It took such a short time really to get the wings pumped up and fully stretched out, mind you it is obviously vulnerable at this stage. Each of these following images shows it a few minutes apart, you can see the progress in the unfolding. 

It was then just a case of drying out before departing, and slowly they all moved off leaving just the empty alien like cases on the reeds. What a privilege it was to watch this event happening, and a lucky encounter considering how quick they can transform.

Wispy Clouds.

 One day last week the Swifts were screaming overhead as usual, and I can never not take a look up and watch them, I find it relaxing just watching them swoop across the sky. Well on this occasion I was greeted by some lovely looking cloud formations, and if I'm not watching the swifts I love to study the clouds and just chill. So with my camera now in my hand I started to try and capture some of the wispy clouds and if it included a swift in the image then even better. 

Short Toed Eagle

My last night shift was upon me and I had a early finish at 4am the next morning, so I took advantage of being closer to East Sussex and set off. I arrived at 05:30 and decided upon starting at Gills Lap car park, the Short Toed had a routine of being at the Long car park first before moving onto Gills, but the day before it had not been seen there or in the area from 4:05pm. There was a lot of fog hanging around the valley and a couple who had gone straight to Long car park had said it was fog bound so this higher view point at Gills was not a disappointing start.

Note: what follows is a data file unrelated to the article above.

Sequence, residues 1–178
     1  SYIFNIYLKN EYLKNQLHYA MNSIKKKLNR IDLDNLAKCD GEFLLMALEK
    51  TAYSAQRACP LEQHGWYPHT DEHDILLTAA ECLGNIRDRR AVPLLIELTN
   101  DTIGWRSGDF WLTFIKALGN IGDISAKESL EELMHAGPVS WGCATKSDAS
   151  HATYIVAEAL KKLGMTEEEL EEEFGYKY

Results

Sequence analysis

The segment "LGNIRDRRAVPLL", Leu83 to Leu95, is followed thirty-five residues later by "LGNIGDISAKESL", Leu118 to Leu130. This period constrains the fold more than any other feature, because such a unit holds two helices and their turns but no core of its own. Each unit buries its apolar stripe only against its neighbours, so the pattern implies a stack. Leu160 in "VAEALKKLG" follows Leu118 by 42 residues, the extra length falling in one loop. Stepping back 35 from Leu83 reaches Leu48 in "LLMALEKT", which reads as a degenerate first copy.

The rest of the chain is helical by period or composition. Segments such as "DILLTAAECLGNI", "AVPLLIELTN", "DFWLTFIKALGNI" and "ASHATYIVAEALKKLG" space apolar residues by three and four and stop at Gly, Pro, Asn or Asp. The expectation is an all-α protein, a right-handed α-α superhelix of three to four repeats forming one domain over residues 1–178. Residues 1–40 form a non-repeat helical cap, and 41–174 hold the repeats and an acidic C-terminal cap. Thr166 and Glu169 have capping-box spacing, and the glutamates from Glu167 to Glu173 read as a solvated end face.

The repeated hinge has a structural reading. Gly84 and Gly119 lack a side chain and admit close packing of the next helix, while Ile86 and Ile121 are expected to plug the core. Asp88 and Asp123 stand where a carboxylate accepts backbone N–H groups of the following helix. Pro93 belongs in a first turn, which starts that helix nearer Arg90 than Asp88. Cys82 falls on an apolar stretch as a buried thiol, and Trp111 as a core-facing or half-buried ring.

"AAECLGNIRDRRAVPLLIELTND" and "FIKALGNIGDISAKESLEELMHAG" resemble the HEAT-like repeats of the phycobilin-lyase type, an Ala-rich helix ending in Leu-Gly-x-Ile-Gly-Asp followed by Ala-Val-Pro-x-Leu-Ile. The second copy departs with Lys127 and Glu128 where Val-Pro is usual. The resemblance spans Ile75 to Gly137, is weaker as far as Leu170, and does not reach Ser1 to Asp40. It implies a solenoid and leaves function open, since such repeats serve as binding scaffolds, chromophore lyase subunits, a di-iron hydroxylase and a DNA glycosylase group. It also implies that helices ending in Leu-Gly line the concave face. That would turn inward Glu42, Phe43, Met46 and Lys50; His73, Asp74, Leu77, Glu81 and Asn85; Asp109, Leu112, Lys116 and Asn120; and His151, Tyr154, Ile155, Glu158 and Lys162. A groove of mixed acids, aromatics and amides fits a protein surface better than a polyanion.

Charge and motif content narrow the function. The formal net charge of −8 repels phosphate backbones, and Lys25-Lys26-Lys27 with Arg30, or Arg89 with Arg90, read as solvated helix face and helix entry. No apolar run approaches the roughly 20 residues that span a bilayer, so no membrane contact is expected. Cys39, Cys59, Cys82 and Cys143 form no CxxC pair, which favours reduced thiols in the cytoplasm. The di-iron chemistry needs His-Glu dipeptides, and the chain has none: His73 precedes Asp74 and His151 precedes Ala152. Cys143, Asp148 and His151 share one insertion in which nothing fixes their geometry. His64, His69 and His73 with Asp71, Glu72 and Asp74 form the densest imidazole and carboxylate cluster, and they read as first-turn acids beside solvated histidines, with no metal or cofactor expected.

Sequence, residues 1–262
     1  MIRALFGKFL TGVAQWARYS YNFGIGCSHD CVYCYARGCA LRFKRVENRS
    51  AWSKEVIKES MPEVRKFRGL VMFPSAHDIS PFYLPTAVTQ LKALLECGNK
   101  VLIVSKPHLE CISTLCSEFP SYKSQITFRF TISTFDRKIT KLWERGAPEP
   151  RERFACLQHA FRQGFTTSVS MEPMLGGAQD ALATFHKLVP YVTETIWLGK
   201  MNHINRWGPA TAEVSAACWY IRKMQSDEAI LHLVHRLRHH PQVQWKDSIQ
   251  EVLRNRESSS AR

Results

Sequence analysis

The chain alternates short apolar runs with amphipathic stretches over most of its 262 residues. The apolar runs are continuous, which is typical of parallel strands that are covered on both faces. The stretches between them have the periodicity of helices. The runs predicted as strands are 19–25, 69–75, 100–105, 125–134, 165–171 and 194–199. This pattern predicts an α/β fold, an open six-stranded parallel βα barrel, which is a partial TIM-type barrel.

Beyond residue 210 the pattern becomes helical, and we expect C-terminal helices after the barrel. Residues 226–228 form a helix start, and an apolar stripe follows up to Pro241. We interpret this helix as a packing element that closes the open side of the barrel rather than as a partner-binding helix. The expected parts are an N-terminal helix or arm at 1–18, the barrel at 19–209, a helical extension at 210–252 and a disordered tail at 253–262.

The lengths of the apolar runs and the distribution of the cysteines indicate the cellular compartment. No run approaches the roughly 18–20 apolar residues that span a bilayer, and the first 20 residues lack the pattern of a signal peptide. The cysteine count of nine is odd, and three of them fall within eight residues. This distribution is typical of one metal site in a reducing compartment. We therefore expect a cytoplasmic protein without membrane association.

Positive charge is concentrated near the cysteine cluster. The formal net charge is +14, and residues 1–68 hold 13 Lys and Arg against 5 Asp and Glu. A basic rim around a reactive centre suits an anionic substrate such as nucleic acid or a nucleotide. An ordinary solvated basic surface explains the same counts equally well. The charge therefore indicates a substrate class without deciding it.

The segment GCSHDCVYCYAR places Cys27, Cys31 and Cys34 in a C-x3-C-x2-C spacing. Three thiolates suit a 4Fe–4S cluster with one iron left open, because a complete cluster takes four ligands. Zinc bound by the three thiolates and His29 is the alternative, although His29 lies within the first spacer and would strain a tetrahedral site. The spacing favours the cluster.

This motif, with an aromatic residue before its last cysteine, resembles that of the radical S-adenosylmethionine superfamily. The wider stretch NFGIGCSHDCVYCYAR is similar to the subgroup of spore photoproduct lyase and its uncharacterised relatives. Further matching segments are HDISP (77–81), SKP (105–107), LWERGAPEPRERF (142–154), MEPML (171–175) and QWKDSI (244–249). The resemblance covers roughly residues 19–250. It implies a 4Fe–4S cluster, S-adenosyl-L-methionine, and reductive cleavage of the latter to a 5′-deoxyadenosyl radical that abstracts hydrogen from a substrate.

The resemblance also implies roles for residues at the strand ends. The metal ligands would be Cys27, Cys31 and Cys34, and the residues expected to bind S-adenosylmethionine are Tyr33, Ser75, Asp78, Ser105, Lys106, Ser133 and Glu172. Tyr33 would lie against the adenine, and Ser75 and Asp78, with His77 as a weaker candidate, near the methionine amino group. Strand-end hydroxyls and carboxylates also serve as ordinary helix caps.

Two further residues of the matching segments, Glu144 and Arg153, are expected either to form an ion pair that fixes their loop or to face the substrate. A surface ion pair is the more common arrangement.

The scenery was beautiful with pockets of fog hanging between the woods and villages around. 
A stunning start and I hoped the eagle was still around. As birders scanned the area, the sound of a Turtle Dove filled the background noise as plane after plane flew over. But after a couple of hours and still no sign of the Short Toed Eagle, people began to move around search. I too decided that I might as well grab a few images of the birds present around there.

As the temperature began to rise and the sun beat down, the insects began to show, there were a few Large Skippers along the grasses bordering the hedge lines, and a dragonfly caught my eye before disappearing, but I managed to locate it resting up and after a couple of shots I realised I hadn't seen this variety before. I later was informed by someone photographing insects that it was a Downy Emerald, so at least I had seen a new dragonfly if nothing else.